• State of emergency declared in Vermont
    By Eric Blaisdell
    STAFF WRITER | October 29,2012
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    Gov. Peter Shumlin speaks Sunday afternoon at a press conference to discuss Hurricane Sandy preparations in Vermont.
    WATERBURY — Gov. Peter Shumlin on Sunday declared a state of emergency in Vermont in preparation for Hurricane Sandy, but he said this storm will be different from Irene.

    Shumlin held a press conference Sunday afternoon at the Emergency Operations Center at the State Office Complex in Waterbury. The problem with this storm, which is expected to hit the state Monday afternoon, will not be flooding from rain.

    “Wind is our enemy in this storm, not massive flooding,” Shumlin said, adding winds are expected to be 60 to 80 mph for as long as 12 hours. There will be some rain, but Sandy is only expected to drop 2 to 4 inches on the state.

    He said two regions which are expected to get hit hardest by the coming winds are the Northeast Kingdom from St. Johnsbury north to the Canadian border and the Rutland area.

    In preparation for the storm, at 8 p.m. Sunday Rutland City school administrators cancelled classes for today. Rutland City Mayor Christopher Louras said Sunday night that the governor called him and told him that forecasters are predicting that the city would be “ground zero” for the storm in Vermont.

    Shumlin said at the press conference earlier Sunday that Sandy will no longer be a hurricane when it arrives in Vermont, but will be a strong Nor’easter as the storm combines with a weather front coming from the west.

    Shumlin compared Sandy to a major storm in 2007 that toppled thousands of trees, except that Sandy will impact a bigger area.

    Another difference between Sandy and Irene will be the speed at which the storms traveled through Vermont.

    “The frustrating part about this storm (Sandy) is that, while Irene moved rather quickly, this one is moving painfully slowly,” Shumlin said.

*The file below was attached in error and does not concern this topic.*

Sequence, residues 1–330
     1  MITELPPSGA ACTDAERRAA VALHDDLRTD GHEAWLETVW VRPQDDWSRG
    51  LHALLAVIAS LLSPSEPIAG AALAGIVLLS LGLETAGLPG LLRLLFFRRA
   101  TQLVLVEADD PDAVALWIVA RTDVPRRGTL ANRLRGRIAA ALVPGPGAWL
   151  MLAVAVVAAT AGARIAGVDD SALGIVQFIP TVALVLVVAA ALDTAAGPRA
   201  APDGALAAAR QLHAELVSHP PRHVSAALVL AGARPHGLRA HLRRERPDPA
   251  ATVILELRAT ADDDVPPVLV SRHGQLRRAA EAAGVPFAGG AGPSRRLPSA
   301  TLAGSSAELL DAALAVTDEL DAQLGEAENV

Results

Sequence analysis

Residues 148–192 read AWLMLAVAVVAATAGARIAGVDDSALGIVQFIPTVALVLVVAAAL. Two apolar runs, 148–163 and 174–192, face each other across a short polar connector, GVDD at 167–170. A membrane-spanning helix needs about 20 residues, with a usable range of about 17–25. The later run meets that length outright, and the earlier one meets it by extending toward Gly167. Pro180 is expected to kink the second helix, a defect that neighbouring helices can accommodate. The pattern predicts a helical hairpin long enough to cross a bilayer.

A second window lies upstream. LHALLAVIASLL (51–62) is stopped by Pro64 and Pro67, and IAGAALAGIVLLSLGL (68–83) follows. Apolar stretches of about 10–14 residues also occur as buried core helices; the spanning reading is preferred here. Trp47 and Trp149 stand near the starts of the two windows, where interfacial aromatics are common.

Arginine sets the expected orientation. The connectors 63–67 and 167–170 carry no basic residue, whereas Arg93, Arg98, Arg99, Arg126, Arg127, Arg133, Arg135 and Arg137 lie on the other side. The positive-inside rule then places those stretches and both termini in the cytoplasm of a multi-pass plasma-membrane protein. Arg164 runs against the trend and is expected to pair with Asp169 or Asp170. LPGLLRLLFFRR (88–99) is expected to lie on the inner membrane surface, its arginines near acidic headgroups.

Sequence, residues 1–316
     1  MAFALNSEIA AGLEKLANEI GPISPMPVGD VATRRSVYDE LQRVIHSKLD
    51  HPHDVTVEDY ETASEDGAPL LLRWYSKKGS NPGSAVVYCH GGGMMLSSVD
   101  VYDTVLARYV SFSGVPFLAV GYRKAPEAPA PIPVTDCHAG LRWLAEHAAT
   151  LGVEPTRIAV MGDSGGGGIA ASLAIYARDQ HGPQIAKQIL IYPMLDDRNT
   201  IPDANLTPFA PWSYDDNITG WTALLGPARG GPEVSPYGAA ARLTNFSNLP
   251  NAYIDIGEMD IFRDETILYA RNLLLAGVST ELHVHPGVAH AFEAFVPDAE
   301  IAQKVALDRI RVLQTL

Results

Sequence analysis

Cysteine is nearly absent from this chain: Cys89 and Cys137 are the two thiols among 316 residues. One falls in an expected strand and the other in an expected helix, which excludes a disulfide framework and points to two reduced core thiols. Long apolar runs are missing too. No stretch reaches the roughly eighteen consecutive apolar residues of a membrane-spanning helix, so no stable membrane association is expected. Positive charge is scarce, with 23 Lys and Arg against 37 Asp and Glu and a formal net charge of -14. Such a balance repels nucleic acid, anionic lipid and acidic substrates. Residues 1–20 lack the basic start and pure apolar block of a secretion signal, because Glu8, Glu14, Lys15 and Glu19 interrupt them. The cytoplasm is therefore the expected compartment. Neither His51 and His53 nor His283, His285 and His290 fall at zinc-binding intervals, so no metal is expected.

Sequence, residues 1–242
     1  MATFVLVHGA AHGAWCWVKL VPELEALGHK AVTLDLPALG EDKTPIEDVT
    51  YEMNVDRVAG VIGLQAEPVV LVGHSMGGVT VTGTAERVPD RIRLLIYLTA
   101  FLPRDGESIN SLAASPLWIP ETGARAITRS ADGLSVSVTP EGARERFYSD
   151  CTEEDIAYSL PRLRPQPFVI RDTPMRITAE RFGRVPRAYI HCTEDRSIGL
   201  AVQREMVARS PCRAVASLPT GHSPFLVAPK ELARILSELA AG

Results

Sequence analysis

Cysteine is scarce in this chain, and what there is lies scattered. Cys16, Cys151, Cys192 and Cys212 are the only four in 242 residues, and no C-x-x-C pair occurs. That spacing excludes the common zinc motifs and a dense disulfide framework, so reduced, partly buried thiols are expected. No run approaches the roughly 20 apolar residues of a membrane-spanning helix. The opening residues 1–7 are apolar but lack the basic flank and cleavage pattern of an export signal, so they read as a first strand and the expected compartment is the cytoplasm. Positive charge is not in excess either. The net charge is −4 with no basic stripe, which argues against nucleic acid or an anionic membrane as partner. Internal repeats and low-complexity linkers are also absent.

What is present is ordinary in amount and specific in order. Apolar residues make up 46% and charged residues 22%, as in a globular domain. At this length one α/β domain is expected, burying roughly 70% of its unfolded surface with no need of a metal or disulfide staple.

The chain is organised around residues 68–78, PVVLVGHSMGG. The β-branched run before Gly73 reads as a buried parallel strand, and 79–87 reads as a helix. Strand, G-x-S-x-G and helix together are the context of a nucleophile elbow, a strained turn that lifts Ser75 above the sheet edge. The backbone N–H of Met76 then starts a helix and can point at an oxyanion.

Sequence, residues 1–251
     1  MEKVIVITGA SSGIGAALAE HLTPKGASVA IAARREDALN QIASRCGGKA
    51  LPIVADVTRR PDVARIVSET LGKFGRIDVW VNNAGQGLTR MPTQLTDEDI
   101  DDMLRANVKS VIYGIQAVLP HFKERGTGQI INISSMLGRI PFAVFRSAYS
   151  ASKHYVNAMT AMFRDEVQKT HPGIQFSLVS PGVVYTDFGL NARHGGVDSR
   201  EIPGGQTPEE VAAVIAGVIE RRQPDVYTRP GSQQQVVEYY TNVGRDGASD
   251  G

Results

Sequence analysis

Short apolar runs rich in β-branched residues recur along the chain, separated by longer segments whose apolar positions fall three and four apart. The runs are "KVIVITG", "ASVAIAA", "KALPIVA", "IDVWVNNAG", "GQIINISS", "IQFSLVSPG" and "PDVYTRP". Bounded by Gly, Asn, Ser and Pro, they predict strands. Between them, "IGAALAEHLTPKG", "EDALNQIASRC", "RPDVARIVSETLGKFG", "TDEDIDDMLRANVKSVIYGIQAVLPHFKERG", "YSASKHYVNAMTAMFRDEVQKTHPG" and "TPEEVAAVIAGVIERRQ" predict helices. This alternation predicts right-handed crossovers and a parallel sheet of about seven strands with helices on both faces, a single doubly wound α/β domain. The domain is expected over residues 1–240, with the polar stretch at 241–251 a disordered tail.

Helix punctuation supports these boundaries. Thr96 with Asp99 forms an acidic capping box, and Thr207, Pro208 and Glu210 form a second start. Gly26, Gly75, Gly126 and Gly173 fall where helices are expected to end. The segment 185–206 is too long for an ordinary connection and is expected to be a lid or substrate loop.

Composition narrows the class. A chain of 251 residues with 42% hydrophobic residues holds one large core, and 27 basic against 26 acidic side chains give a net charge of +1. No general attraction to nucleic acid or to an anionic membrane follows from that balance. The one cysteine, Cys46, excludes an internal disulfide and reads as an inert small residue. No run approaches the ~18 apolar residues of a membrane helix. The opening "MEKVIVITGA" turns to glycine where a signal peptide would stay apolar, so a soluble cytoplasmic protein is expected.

That means the potential for destruction from the high winds will be greater than if the system were to travel through the area rapidly.

    Shumlin said he declared the state of emergency Sunday so the National Guard can be deployed if needed and the state would qualify for federal emergency relief funds if needed.

    Sandy is expected to cause massive power outages for extended periods of time. In preparation for the storm, Shumlin said 200 utility workers are already prepared to go to work on downed power lines and to reconnect Vermonters who lose power during the storm. More utility line workers from Canada are also on the way.

    “That does not mean I am expecting the worst,” Shumlin said. “We’re preparing for the worst and hoping for the best.”

    Shumlin said the public should remove items from their lawns to keep them from blowing around and causing damage and perhaps injury. That includes political campaign signs seen in front of many homes during an election year.

    “I am nonpartisan when it comes to storms and try to be nonpartisan in other areas of my job, but I am saying take down all lawn signs,” said Shumlin, who is running for reelection. “It’s common sense to not have political lawn signs blowing around.”

    Green Mountain Power issued a statement saying that 130 tree removal contractors have been lined up and are also ready to go to work.

    The utility has also added a “Power Out” button to its Facebook page, giving people another way to report an outage, in addition to calling the GMP hotline at 1-888-835-4672.

    Public Safety Commissioner Keith Flynn, who was also at the press conference Sunday, asked people to check on the elderly, the isolated, and anyone else who might be especially vulnerable during the storm.

    “We all need to work together,” Flynn said.


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